An ‘inevitable consequence’ of the changing rules will see ‘a rush to issue claims prior to April 2023’, says partner

Insurers have been told to brace themselves for a flood of court cases before new legislation – which will see unsuccessful claimants be made liable for part of their defence costs – becomes law.

Law firm Clyde and Co has said that underwriters and the courts need to prepare for a rush of civil claims in the run up to Easter as claimants seek to pre-empt the introduction of the new rules.

These comments follow a statutory instrument being laid before parliament last week, with the new law due to come into force on 6 April 2023.

The new legislation will increase the likelihood of unsuccessful claimants having to pay a proportion of the defendant’s legal costs.

The statutory instrument makes changes to the rules on Qualified One-Way Costs Shifting (QOCS), which was introduced to civil cases in 2013.

According to Clyde and Co partner Paul Wainwright, QOCS was intended to act as a shield against excessive defence costs for genuine but unsuccessful claimants. However, subsequent appeal judgements weakened the QOCS regime in favour of claimants.

Crucial amendments

Last year, the Ministry of Justice moved to address the situation with a consultation that resulted in the new statutory instrument designed to rebalance what had been seen as a skewed system.

The new rules increase the ease with which cost orders against unsuccessful claimants can be enforced.

Wainwright explained: “These are crucial amendments and will enable defendants to manage claimants’ adverse behaviours.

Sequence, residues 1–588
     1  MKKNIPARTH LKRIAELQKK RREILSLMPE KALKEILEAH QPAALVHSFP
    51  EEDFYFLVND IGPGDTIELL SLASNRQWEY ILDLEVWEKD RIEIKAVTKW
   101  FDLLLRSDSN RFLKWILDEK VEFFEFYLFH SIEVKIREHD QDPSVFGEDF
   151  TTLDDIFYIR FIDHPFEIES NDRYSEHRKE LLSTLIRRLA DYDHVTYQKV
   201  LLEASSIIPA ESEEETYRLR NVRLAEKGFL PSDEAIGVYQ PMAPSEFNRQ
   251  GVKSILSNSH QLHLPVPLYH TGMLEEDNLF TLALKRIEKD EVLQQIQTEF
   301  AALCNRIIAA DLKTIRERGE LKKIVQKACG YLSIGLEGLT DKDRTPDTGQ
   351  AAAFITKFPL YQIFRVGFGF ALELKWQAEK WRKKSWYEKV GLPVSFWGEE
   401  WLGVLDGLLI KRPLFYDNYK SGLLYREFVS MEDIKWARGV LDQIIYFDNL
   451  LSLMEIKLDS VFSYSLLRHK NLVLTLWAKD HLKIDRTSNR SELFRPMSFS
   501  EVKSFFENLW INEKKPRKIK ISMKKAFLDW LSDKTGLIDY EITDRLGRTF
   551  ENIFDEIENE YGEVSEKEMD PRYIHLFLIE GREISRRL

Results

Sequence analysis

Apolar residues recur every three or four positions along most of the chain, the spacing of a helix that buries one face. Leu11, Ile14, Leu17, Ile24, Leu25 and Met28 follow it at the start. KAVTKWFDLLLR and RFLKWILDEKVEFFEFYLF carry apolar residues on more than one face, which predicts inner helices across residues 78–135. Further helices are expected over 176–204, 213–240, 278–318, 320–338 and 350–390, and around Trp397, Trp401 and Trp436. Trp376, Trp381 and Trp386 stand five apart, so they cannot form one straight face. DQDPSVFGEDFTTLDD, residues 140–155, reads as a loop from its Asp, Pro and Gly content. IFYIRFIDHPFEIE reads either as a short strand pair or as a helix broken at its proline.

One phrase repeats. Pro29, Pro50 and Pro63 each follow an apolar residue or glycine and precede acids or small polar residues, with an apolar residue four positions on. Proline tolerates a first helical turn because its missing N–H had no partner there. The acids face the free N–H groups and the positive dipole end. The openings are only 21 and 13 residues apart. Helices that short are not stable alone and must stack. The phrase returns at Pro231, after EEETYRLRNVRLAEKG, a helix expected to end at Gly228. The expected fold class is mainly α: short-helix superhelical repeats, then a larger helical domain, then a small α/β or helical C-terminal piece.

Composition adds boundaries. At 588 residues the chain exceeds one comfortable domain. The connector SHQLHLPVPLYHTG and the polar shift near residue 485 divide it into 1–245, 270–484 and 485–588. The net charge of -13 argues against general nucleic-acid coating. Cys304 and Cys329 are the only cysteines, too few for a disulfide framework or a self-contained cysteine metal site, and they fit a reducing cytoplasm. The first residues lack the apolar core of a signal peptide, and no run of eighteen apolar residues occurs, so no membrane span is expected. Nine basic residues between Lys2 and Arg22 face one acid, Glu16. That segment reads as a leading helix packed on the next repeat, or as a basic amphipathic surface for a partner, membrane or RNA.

“However, one inevitable consequence is that there will likely be a rush to issue claims prior to April 2023 to ensure they are subject to the existing regime.

“Current QOCS rules are extremely beneficial to claimants – and their solicitors – so it’s highly likely that as many civil claims as possible will be issued in the next two months.

“The proposed amendments have largely fixed the problems caused by development of the jurisprudence and crucially all modes of settlement are now deemed to be QOCS compliant.

“On a practical level, though, having two sets of QOCS rules is going to prove awkward in practice and it is highly likely to lead to further satellite litigation.”

Clyde & Co added: “Defendants can also offset their costs against both the claimant’s damages and costs, giving a larger pot of money to pay applicable defence costs.

“Defendant’s costs payable by the claimant are [also] now capped at the aggregate amount of damages, interest and costs recovered by the claimant.

“In a claim funded by a conditional fee agreement (CFA), it will give both the claimant and the claimant’s solicitor ‘skin in the game’ and it is assumed that the possibility of losing legal costs will ensure robust advice is given to claimants when defendants make sensible offers to settle.”